Well, don't I feel foolish (lowercase "f"). I fully expected Apple (Nasdaq: AAPL) to report a disappointing quarter, both because it seemed possible that guidance for the September quarter could have been issued before Apple was aware of iPhone X production delays, and a constant string of reports from supply chain sources and Street analysts suggested the production problems were rather severe.
It turns out that neither of those were the case: Apple just reported a record September quarter and guided the December quarter to uncharted territory.
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Revenue in the fiscal fourth quarter jumped 12% to $52.6 billion, beating even the high end of Apple's guidance that called for $52 billion in sales. That translated into net income of $10.7 billion by the time it reached the bottom line, or $2.07 per share. Apple sold 46.7 million iPhones, 10.3 million iPads, and 5.4 million Macs.
iPhone average selling prices (ASPs) increased modestly on a sequential basis, from $606 in the June quarter to $618 in the September quarter as models at both ends of the pricing spectrum continue to sell well. On the conference call, CEO Tim Cook said the iPhone X ramp is "going well," especially considering that it's the most advanced iPhone Apple has ever made.
The Mac enjoyed significant share gains, with unit sales jumping 10% while the broader PC market contracted by 0.5%, according to IDC. The MacBook Pro refresh over the summer is driving sales.
Greater China Returns To Growth
Over the past couple of years, Apple's Greater China has been relatively weak, with a string of quarterly declines. That ended this quarter, with Greater China revenue returning to growth. Sales rose 12% to $9.8 billion.
Cook said the strength was broad-based across all products, while services revenue hit a new record in China. Both upgraders and Android switchers in China were up year over year, too. The troubles Apple has been facing in Hong Kong also moderated, and Cook acknowledged that the recent quarters of weakness paved the way for an easier comparison this time around.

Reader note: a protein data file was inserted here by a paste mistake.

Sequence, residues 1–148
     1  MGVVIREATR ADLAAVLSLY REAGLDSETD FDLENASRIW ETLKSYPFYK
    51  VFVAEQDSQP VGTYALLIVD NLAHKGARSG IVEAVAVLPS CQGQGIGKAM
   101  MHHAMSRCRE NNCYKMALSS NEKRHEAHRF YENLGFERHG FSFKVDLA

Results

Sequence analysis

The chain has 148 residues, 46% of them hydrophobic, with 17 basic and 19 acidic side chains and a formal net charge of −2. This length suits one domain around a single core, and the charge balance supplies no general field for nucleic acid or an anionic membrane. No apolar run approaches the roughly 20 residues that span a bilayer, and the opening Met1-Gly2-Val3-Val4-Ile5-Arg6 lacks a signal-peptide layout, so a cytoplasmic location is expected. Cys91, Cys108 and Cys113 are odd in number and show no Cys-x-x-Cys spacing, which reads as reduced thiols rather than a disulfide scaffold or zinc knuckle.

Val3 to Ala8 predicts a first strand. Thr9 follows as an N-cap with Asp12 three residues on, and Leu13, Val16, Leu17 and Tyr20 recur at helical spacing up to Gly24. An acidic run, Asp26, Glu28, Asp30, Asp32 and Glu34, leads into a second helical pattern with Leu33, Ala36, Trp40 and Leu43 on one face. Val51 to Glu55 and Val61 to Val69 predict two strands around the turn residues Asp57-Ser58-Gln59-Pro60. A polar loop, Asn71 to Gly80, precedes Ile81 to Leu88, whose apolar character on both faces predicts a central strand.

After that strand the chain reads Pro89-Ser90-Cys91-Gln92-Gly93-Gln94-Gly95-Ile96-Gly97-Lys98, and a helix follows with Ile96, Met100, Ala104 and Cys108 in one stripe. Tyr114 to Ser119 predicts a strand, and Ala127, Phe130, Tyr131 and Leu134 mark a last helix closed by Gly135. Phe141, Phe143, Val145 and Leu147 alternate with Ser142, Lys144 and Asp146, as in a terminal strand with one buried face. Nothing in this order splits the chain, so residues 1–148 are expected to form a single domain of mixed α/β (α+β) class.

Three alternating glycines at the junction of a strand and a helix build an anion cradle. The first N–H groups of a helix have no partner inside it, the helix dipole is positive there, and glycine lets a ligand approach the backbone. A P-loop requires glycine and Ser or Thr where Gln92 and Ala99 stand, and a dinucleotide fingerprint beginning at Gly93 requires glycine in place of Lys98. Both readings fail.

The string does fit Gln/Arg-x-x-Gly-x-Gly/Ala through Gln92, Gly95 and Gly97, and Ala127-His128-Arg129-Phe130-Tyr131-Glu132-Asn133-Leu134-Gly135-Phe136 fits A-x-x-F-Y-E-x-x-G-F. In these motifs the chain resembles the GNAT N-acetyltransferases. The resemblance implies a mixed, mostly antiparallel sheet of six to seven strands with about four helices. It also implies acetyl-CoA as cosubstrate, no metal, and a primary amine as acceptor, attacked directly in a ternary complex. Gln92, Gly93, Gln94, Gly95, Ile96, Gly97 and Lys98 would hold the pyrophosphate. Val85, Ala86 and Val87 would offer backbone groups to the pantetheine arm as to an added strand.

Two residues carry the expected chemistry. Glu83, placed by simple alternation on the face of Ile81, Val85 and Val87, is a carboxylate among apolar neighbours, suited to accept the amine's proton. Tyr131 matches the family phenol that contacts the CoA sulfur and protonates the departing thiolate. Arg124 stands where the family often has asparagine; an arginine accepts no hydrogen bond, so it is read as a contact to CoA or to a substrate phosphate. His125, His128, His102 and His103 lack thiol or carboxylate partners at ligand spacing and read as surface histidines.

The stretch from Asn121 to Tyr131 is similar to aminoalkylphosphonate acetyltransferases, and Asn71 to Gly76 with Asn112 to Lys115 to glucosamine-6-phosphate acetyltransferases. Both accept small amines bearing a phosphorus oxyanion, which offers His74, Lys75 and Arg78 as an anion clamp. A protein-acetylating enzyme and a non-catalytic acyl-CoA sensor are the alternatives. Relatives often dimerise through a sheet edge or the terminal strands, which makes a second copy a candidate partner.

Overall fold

Services Marches Toward Its Ambitious Goal
Earlier this year, Apple publicly set a goal of doubling its services business by 2020, relative to fiscal 2016 levels. More specifically, the goal is to hit $50 billion by 2020.
Services revenue in the September quarter grew 34% to $8.5 billion, a new record. However, that includes a one-time positive adjustment of $640 million. If you back out this adjustment, services revenue still grew 24%. Services revenue in fiscal 2017 was $30 billion, up from $24.3 billion in fiscal 2016, so Apple is making meaningful progress toward its target.
The drivers of the services business are the same three usual suspects: the App Store, Apple Music, and iCloud. The App Store hit a new record, thanks to both a growing number of active accounts and increased transactions and spending among existing accounts. Apple now has over 210 million total paid subscriptions across its platforms, up from 185 million last quarter.
Management said Apple Music subscriptions are up 70% without specifying a figure, but Apple Music chief Jimmy Iovine told Billboard at the end of September (around the same time that this fiscal quarter closed) that the service now has 30 million paid subscribers.
Cash And Capital Returns
There was nothing notable about Apple's capital return activities in the September quarter. The Mac maker returned $11 billion of capital to shareholders during the quarter, including $3.3 billion in dividends and equivalents, $200 million in net share settlement, and $7.5 billion in share repurchases.
Of those buybacks, $4.5 billion were bought back in the open market, and Apple entered into a $3 billion accelerated share repurchase (ASR) program. To date, Apple has bought back a mind-boggling $166 billion in stock since fiscal 2013.
Total cash was $268.9 billion at the end of the quarter, of which $252 billion was sitting overseas. The company issued roughly $7 billion in term debt during the quarter, bringing total term debt to $103.7 billion. In other words, net cash is at $165.2 billion (flat sequentially).
Guidance was always going to be the most important part of the release, as the most direct insight into the iPhone X production situation. If the bottlenecks were as severe as media reports portrayed, it would show up clear as day in Apple's financial forecast in the form of depressed sales outlook. In no uncertain terms, Apple's outlook blew it out of the park: Revenue is expected in the range of $84 billion to $87 billion, simultaneously topping the consensus estimate among analysts and assuaging fears surrounding iPhone X production.
Gross margin in the December quarter should be in the range of 38% to 38.5%, with operating expenses of $7.65 billion to $7.75 billion. Other income and expense should be about $600 million, and Apple is expecting a tax rate of 25.5%. Using the midpoints of all of those ranges, the forecast implies net income of over $18.1 billion in the December quarter.
I've never been so pleasantly surprised to be so wrong.
This article originally appeared on The Motley Fool.